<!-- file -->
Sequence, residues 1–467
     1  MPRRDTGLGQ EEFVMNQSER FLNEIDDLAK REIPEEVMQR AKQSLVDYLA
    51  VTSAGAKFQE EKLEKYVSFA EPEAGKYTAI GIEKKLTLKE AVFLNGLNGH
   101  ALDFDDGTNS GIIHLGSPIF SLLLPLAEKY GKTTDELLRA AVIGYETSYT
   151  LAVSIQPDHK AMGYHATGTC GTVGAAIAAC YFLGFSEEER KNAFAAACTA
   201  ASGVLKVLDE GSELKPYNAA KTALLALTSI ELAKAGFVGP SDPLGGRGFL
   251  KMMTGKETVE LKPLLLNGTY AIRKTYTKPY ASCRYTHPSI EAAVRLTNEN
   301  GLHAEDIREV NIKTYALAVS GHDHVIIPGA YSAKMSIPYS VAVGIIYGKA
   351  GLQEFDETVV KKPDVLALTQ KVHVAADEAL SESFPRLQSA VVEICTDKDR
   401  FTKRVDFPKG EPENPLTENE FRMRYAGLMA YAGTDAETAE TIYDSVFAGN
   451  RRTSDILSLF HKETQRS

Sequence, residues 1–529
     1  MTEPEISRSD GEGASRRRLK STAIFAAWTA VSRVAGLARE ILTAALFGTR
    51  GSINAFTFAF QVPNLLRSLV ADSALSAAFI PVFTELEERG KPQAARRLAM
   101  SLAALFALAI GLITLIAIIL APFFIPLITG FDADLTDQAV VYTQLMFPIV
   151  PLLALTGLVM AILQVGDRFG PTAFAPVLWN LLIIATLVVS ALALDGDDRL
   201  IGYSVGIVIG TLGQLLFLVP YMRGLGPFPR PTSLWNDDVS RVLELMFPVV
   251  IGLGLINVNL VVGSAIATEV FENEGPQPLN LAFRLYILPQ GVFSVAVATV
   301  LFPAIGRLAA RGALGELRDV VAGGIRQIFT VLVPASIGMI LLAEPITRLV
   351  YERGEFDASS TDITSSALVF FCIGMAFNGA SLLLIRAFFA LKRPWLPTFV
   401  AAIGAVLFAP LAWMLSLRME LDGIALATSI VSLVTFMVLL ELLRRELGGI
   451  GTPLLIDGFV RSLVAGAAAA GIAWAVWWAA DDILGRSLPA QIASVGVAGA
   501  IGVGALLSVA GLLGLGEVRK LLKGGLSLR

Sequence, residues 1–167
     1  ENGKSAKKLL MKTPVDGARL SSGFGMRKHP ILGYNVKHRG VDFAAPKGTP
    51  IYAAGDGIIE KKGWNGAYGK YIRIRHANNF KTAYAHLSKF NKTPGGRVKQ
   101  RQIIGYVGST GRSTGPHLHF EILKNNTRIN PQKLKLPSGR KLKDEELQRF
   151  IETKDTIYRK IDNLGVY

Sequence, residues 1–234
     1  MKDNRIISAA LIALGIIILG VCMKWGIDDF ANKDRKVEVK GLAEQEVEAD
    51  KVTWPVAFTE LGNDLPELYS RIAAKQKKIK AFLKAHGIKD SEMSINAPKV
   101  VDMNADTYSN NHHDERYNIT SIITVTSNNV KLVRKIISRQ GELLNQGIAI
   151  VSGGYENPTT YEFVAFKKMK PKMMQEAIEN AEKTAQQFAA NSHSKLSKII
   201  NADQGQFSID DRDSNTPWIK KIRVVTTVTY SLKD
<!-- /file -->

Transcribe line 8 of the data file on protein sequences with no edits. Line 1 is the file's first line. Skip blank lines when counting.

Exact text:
   301  GLHAEDIREV NIKTYALAVS GHDHVIIPGA YSAKMSIPYS VAVGIIYGKA